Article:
I’ve scooped out the seeds from the pumpkin-that-grew-itself at the bach. Saving the seeds of the best plant, in order to sow them in the spring, is the way to ensure a successful crop next year. This pumpkin deserved to be saved, for it grew through a season when I wasn’t there to water it regularly. It grew, it ripened, and it tasted good when I turned it into soup this week.
The envelope was ready, and I invited Mira to draw a pumpkin on it, so we would know what seeds were inside.
Orange of course was the colour. ‘I’m going round and round,’ she said. ‘I’m making a circle.’ And so she was, in her own way.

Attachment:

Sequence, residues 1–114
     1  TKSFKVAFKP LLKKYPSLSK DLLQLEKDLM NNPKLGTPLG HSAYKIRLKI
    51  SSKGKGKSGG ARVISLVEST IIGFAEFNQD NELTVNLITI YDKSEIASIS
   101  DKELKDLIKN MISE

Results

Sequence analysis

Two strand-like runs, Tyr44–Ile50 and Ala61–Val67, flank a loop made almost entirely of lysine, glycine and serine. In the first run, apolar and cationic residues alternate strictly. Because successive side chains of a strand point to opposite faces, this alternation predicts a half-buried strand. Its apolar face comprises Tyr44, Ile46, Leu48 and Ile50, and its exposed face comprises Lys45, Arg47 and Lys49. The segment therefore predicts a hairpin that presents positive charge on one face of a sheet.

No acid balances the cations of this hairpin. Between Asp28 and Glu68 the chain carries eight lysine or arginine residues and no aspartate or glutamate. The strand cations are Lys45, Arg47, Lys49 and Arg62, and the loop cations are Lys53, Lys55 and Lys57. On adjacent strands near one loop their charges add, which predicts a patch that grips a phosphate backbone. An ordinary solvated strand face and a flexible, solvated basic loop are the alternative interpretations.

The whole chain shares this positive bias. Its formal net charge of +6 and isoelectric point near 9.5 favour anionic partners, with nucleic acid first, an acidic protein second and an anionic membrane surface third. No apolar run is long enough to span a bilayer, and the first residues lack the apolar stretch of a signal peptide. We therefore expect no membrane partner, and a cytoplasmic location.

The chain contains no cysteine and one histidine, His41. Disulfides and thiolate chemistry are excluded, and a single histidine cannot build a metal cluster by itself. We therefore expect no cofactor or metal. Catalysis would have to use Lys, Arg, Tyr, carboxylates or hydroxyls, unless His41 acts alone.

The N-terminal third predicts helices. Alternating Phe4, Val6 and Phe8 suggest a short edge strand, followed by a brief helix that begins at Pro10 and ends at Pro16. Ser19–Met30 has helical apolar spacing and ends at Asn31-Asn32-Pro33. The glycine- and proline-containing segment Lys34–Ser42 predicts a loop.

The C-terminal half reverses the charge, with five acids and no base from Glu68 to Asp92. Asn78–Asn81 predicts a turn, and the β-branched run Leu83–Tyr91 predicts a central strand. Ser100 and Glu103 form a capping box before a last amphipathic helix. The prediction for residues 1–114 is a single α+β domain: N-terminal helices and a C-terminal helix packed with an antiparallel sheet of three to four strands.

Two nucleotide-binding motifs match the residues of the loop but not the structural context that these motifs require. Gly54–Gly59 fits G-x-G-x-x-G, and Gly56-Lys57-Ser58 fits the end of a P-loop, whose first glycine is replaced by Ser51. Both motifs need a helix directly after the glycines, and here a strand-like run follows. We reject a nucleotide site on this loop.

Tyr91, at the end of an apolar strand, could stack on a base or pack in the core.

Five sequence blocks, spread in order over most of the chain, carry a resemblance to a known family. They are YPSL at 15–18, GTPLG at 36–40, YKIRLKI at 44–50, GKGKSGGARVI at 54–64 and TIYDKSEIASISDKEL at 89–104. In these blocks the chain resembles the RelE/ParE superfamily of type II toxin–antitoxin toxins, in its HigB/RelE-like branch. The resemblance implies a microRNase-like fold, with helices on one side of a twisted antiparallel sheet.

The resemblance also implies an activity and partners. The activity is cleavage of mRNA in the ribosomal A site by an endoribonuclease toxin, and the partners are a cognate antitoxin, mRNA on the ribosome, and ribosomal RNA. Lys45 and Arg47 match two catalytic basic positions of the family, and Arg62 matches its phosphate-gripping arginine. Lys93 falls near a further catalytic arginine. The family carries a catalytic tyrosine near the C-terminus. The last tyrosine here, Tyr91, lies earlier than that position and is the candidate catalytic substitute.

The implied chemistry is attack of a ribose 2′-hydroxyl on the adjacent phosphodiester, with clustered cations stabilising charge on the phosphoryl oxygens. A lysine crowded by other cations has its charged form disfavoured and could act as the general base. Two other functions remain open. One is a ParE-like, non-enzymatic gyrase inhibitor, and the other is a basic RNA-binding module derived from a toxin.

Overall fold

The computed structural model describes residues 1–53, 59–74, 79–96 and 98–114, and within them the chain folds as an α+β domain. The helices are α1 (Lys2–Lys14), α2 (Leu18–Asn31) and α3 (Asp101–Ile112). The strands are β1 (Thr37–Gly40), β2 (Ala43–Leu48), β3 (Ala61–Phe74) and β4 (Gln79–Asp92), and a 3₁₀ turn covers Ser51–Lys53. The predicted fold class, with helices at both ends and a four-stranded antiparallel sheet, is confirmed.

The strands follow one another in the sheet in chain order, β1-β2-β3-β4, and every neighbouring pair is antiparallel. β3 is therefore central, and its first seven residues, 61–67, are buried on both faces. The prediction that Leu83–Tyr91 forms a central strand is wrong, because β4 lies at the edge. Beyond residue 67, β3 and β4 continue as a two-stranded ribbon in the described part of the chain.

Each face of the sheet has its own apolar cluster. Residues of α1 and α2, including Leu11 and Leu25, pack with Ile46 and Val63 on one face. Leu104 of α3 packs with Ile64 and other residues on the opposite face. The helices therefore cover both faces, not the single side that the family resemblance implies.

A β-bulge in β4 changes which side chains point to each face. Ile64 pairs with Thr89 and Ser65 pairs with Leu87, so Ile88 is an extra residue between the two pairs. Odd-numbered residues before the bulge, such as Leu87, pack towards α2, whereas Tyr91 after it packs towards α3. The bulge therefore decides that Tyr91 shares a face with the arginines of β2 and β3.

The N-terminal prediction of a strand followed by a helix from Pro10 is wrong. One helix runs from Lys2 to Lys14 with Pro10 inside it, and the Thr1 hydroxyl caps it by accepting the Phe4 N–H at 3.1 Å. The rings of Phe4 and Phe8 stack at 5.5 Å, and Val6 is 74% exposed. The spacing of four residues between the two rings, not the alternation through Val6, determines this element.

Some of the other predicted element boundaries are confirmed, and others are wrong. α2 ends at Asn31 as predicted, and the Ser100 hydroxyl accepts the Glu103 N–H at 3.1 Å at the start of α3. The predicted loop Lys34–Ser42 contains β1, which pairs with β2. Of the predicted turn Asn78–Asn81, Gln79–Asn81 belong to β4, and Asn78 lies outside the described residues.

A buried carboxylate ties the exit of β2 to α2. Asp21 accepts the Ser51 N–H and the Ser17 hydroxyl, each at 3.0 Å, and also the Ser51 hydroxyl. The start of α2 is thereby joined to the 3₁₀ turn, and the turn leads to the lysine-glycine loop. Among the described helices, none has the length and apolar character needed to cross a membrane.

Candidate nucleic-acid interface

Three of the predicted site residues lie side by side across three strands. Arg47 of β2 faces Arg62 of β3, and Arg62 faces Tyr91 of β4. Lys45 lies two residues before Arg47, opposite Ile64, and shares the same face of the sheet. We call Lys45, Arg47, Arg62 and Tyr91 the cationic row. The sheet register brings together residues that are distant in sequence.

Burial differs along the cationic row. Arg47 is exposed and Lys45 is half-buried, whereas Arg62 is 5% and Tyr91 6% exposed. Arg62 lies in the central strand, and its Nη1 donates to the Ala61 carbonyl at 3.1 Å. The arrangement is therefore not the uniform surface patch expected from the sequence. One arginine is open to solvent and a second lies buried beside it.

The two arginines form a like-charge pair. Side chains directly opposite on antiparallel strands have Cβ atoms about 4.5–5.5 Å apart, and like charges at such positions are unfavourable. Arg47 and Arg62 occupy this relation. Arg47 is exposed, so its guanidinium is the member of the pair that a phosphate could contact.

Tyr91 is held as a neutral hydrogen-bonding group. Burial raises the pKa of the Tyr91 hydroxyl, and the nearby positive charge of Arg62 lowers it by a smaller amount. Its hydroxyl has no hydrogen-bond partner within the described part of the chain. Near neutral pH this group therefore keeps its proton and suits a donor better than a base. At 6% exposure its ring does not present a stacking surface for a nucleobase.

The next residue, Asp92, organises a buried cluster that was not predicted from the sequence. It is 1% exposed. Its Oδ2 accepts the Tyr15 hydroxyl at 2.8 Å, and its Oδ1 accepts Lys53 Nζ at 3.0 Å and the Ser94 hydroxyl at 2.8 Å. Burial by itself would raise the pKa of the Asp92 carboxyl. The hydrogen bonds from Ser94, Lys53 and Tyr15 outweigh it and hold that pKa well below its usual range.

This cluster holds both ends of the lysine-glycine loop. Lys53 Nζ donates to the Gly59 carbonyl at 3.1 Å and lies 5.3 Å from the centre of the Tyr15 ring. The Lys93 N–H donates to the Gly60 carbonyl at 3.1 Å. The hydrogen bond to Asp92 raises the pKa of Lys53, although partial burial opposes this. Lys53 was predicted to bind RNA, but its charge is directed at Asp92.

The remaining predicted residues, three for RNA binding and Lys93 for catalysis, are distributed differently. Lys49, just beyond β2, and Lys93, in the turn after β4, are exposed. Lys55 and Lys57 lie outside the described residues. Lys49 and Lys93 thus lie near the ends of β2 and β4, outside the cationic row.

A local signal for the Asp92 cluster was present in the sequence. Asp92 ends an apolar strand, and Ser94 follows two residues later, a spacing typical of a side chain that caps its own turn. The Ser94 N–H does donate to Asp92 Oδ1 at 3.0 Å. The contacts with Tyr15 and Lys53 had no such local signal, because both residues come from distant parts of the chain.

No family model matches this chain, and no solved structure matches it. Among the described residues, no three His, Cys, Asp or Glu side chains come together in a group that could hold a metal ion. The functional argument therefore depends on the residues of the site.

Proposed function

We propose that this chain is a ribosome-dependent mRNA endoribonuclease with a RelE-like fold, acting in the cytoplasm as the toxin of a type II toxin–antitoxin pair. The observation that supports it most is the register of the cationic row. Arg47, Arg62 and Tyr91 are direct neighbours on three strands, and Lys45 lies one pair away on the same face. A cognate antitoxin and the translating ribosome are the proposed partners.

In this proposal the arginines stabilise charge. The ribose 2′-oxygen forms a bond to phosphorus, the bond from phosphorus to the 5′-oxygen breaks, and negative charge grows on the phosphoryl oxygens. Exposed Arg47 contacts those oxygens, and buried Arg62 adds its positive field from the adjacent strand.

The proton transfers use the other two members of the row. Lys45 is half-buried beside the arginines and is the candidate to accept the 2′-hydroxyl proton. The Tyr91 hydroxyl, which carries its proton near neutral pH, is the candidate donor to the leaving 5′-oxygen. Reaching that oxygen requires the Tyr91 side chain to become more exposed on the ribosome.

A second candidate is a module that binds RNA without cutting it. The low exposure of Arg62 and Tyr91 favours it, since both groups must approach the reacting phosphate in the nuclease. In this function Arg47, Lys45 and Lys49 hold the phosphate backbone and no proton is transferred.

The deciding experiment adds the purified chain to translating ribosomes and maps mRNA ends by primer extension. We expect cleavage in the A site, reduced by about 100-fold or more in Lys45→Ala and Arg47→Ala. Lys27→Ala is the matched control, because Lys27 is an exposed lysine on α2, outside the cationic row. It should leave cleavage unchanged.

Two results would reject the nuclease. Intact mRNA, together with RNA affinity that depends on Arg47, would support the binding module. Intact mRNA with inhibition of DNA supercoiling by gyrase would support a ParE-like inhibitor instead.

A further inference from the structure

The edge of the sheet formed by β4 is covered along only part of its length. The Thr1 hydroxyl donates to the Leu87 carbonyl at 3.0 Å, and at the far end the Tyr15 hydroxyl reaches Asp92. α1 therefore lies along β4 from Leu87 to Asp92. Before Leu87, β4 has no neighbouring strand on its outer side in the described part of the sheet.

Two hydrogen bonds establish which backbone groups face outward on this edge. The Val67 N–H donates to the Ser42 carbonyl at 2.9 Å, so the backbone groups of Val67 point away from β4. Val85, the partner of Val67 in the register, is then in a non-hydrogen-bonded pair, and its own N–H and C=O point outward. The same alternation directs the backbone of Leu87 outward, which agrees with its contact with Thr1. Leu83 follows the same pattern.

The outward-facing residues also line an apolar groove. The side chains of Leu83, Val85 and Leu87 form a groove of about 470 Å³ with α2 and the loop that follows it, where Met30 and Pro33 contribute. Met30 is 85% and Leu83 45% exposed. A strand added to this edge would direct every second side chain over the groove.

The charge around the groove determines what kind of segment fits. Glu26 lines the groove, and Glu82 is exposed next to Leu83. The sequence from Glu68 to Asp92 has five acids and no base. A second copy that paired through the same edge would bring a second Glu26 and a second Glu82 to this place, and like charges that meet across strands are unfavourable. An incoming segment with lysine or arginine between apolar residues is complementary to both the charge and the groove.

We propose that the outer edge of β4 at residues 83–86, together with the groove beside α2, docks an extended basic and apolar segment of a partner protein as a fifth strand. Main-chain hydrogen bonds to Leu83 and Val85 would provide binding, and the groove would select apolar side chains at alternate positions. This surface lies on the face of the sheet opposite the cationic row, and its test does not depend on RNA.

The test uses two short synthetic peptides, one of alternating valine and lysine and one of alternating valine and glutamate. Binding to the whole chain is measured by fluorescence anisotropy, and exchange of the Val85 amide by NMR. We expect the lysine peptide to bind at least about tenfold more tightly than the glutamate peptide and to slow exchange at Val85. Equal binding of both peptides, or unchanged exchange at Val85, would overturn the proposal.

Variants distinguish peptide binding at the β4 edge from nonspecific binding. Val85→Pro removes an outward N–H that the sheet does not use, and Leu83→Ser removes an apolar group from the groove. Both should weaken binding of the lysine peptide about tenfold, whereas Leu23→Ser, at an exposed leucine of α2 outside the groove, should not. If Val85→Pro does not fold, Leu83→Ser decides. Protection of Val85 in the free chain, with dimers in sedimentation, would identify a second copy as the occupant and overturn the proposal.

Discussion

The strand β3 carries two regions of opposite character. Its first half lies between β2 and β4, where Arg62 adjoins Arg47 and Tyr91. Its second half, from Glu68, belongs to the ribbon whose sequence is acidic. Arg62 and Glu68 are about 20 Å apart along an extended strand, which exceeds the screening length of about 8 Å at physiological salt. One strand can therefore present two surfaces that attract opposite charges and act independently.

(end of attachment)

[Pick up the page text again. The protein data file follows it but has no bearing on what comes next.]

I’d shown her the half pumpkin that remained, and the inside where the seeds had been scooped out, so she knew about the circular shapes.
Finally the envelope was ready. I added a label, and Mira a sun. There it is, all ready to ripen the plants when they are sown in the spring time.
Saving the best. It works not just with seeds, but with memories, friendships and other special relationships. In spring when the ground is warm once more, we will dig manure and compost into the soil and plant the seeds. My father taught me how to garden, and as I teach Mira, the best of that learning is passed on to her. Maybe one day she will pass it on in turn, as she pulls out an envelope for her grandchild to decorate before slipping into it a treasure trove of sun-dried seeds.